|How would blood gas parameters change if a SEALED specimen is left at room temp for 2 or more hours|
PO2 decreases; PCO2 increases; pH decreases
Glycolysis and other oxidative metabolic processes will continue in vitro by red blood cells when a whole blood specimen is left standing at room temperature. Oxygen is consumed during these processes, resulting in a decrease in PO2 levels. A decrease of 3-12 mm Hg/hr at 37°C has been observed for blood specimens exhibiting normal pO2 ranges. This rate of decrease is accelerated with elevated PO2 levels. Additionally, carbon dioxide is produced as a result of continued metabolism. An increase in pCO2 levels of approximately 5 mm Hg/hr at 37°C has been demonstrated. The increased production of carbonic acid and lactic acid during glycolysis contributes to the decrease in blood pH.
|In order to maitain electrical neutrality in the red blood cel, bicarbonate leaves the red blood cell and enters the plasma through an exchange mechanism with what electrolyte?|
The red blood cell membrane is permeable to
both bicarbonate and chloride ions. Chloride ions participate in buffering the blood by diffusing out of or into the red blood cells to compensate for the ionic change that occurs when bicarbonate enters or leaves the red blood cell. This is called the chloride shift.
|Excessive vomiting causes (respiratory/metabolic) (acidosis/alkalosis).|
|Excessive vomiting causes metabolic alkalosis|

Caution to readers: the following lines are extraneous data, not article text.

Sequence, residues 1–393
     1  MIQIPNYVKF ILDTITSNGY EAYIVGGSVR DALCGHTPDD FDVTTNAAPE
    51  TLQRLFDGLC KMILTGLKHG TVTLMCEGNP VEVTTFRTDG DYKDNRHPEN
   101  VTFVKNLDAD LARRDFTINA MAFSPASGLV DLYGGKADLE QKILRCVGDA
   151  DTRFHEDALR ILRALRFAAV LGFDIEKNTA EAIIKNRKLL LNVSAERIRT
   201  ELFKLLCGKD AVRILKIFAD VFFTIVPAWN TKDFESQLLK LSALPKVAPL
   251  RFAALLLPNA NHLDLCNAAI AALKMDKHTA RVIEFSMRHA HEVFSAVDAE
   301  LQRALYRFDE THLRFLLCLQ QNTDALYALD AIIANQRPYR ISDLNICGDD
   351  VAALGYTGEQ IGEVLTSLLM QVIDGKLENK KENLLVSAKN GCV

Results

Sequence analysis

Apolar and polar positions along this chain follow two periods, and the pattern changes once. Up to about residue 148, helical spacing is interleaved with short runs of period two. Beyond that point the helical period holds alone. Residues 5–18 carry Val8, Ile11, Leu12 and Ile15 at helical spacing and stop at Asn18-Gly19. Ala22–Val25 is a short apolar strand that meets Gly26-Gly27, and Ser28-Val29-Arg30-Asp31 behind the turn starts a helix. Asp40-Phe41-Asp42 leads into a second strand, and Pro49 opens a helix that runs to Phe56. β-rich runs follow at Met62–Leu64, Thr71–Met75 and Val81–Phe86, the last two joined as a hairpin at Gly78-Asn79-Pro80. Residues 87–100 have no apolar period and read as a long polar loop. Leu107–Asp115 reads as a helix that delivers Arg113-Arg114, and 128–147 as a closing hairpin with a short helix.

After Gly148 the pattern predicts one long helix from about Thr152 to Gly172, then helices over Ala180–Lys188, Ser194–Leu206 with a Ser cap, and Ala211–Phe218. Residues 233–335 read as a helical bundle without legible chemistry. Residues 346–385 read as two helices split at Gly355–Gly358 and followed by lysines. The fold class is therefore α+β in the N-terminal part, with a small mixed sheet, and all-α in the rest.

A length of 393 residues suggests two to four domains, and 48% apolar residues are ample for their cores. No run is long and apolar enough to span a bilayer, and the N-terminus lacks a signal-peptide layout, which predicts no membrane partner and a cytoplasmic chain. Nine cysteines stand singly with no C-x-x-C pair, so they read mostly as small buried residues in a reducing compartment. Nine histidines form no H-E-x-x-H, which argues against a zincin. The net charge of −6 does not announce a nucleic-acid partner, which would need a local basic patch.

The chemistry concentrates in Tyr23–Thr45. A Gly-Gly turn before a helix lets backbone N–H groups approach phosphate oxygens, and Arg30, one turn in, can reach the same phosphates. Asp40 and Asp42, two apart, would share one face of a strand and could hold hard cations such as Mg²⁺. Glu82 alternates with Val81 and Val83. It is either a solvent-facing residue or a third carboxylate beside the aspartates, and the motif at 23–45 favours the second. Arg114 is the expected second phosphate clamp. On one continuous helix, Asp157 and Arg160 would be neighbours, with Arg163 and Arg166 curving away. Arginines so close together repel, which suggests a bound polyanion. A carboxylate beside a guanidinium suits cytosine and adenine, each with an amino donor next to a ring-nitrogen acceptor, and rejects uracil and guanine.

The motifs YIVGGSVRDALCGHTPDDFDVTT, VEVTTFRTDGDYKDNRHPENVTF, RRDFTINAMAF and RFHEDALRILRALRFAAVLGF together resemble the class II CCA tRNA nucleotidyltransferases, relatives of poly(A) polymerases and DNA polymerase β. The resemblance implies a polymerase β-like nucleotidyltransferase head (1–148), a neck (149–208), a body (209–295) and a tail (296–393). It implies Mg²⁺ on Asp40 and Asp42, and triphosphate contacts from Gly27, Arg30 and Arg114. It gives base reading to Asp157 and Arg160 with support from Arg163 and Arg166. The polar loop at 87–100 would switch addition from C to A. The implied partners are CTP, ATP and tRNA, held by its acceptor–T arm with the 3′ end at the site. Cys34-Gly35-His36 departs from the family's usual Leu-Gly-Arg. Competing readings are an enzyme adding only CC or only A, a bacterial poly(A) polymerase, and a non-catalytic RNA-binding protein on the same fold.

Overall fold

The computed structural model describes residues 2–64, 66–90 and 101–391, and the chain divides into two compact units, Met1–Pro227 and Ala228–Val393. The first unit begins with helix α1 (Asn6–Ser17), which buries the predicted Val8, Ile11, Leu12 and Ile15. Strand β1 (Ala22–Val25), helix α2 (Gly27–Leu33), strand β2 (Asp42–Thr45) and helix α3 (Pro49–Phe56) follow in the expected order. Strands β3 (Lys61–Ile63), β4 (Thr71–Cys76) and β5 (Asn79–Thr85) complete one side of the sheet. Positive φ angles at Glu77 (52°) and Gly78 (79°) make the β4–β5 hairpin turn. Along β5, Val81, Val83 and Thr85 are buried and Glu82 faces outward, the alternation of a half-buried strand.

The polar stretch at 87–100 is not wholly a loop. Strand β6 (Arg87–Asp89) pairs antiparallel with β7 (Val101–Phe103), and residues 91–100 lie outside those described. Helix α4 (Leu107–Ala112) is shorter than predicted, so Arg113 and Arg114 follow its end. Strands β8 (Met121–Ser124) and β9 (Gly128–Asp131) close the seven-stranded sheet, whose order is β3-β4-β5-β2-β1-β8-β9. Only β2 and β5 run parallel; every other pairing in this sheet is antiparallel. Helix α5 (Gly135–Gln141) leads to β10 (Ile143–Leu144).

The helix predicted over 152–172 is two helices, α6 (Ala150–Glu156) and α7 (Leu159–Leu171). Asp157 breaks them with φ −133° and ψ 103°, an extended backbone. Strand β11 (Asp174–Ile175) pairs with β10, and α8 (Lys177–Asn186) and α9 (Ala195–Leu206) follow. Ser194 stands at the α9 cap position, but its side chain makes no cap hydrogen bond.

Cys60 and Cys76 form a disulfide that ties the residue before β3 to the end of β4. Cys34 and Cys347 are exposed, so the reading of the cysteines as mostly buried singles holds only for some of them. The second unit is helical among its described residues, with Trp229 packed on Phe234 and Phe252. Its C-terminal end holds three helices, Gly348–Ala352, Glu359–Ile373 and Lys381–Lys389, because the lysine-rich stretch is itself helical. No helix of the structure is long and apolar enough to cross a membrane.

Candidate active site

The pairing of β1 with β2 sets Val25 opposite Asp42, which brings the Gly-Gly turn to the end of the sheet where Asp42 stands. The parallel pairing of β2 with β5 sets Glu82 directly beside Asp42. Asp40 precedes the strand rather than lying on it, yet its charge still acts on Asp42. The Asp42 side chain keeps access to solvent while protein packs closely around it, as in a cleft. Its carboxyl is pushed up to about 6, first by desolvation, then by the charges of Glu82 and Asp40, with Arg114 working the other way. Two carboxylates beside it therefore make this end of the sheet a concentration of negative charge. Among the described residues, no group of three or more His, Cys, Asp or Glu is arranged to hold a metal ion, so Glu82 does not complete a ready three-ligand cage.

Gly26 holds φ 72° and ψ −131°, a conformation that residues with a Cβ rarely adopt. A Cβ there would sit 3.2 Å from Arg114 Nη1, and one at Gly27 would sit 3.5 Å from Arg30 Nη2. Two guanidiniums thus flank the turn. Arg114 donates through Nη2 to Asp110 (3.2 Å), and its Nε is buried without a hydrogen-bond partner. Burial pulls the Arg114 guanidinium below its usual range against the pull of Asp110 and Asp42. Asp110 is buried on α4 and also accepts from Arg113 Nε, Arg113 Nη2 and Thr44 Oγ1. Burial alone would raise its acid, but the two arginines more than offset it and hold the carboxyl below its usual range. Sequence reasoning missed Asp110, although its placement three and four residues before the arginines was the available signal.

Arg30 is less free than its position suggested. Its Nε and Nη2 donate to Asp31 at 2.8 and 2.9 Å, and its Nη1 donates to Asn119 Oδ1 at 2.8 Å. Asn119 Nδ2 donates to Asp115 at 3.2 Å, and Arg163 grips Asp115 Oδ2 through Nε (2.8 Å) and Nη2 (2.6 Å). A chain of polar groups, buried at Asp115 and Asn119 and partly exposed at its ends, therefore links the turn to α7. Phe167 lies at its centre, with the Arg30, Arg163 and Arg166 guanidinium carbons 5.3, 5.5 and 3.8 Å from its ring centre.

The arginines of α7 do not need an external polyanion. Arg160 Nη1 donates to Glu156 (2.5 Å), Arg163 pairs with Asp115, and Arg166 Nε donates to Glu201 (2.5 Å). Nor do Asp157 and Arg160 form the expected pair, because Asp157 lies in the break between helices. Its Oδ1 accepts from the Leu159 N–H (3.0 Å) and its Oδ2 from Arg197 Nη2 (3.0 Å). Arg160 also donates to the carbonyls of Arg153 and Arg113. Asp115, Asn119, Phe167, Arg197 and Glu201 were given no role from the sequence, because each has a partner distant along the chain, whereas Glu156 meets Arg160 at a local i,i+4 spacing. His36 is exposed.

|What is a compensatory mechanism in respiratory acidosis?|
Increased Na+/H+ exchange by the kidneys
Respiratory acidosis is a disturbance in acid base balance that is caused by the retention of
CO2 by the lungs.
This imbalance is associated with such conditions as bronchopneumonia, pulmonary
emphysema, pulmonary fibrosis, and
Respiratory acidosis is characterized by a primary excess in physically dissolved CO2, which is quantified by measuring the blood PCO2 level.
The primary problem leading to an increase in the PCO2 level is hypoventilation. This retention of CO2 alters the normal 20:1 ratio of cHCO3/PCO2, causing a decrease in blood pH level.
In respiratory acidosis, because the initial defect is associated with the lungs, the kidneys respond as the major compensatory system. The production of ammonia, the exchange of Na+ for H+ with the excretion of H+, and the reabsorption of bicarbonate are all increased in the kidneys to compensate for the malfunction of the lungs. In cases where the defect is not within the respiratory center, the excess of pCO2 in the blood can actually have a stimulatory effect on the center, causing an increase in the respiration rate. Thus compensation can also occur through CO2 elimination by the lungs.
|In partially compensated respiratory alkalosis, renal reabsorption of HCO3 is (increased/decreased).|
|In “base excess” positive values represent ______|
Base excess is a measure of the nonrespiratory
buffers of the blood. They are hemoglobin, serum protein, phosphate, and bicarbonate. Therefore, base excess reflects an abnormality in the buffer base concentration.
Bicarbonate has the greatest influence on base excess, which is an indicator of metabolic function. The normal range for base excess is ±2.5 mmol/L.
A quick estimation of base excess is to subtract the average “normal” reference bicarbonate level set by the laboratory from the measured bicarbonate level
(if laboratory reference bicarbonate = 25 and patient’s bicarbonate = 30, then base excess = (30 — 25) = + 5; if patient’s bicarbonate = 20, then base excess = (20 — 25) = —5).
As demonstrated, a positive base excess is associated with metabolic alkalosis, and a negative base excess is associated with
Classification of acid base disorders